Northern Saw-whet Owl
- Just after dark this evening we added a fifth owl species to our yard
list in East Orchard Mesa. I stepped outside to take some elk steaks
off the grill and discovered a Saw-whet Owl calling from some pinyon
pines nearby. I mimicked it's whistled call and it flew into a tree
about 15 feet away. Debbie and I were able to get a good view with
flashlights. After a while the bird flew back to perch low in the
pinyons, probably to hunt mice near a compost container we keep there.
Other owls we've seen here are Great Horned, Long-eared, Western
Screech-owl, and one Pygmy Owl. I have seen both Barn Owl and Burrowing
Owls about a mile from the property and might get them here someday, but
I never expected to see a Saw-whet in the yard.
- Western Slope Birders,
A short while ago I searched through our wildlife shelter belt in hope
of finding the tiny 7" owl. With luck I spotted it perching deep in a
juniper tree about 3 meters off the ground. I was able to get a few
quick pictures without flushing him. It appears he may have been here
for a day or two as I collected several regurgitated pellets from the
ground below his perch.
I find Saw-whets in the mountains every year but I think they're rarely
reported here in the valley. Does anyone have information on previous
sightings here in the Grand Valley?
- Western Slope birders,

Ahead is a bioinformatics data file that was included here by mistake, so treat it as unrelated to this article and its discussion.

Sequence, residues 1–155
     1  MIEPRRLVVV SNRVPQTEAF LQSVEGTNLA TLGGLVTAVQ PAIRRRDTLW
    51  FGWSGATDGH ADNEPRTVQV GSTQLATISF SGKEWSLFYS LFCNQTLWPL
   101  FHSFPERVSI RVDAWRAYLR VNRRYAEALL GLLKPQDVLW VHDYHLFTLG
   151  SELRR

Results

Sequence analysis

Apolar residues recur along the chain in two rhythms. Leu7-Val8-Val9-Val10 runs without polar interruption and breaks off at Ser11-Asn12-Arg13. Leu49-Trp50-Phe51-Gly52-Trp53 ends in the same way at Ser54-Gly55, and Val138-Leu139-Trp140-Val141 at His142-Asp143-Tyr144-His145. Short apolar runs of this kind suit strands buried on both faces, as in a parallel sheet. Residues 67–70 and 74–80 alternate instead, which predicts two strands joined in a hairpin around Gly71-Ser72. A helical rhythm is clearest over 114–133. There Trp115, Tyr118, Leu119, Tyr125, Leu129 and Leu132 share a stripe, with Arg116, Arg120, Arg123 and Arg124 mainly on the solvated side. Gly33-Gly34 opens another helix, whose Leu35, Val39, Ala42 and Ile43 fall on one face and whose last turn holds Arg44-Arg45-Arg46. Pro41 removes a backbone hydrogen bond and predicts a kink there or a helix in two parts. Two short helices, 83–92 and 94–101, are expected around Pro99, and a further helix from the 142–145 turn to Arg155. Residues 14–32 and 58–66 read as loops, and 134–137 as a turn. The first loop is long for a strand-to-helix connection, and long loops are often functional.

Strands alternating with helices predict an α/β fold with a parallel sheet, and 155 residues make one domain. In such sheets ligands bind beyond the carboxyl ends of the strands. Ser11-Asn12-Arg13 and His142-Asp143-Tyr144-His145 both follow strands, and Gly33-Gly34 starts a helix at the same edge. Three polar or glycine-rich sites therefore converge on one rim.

The Saw-whet Owl was calling again last night and is still hanging out
in the yard. Yesterday I snapped a quick photo of him (attached). The
Saw-whet apparently has other owl company. We have five owl boxes in
the yard and around the orchard. Yesterday I checked and cleaned out
some of the boxes and found a Western Screech-owl roosting in one about
50 feet from where the Saw-whet is roosting. If only we could get a
view of them interacting at night!
Today I checked the other owl boxes in the orchard and found another
Screech-owl perched in the entrance hole. Even though he kept his eyes
shut, he was aware I that was there and would turn his head to listen as
I would move.
Besides the small owls there is also a perennial pair of Great Horned
Owls in a neighbor's spruce tree adjacent to our apple orchard.
Sometimes they clunk around on the roof of our house in hope of picking
off one of the rabbits.
- Western Slope Birders,
The Northern Saw-whet Owl continues to roost in the yard by day, and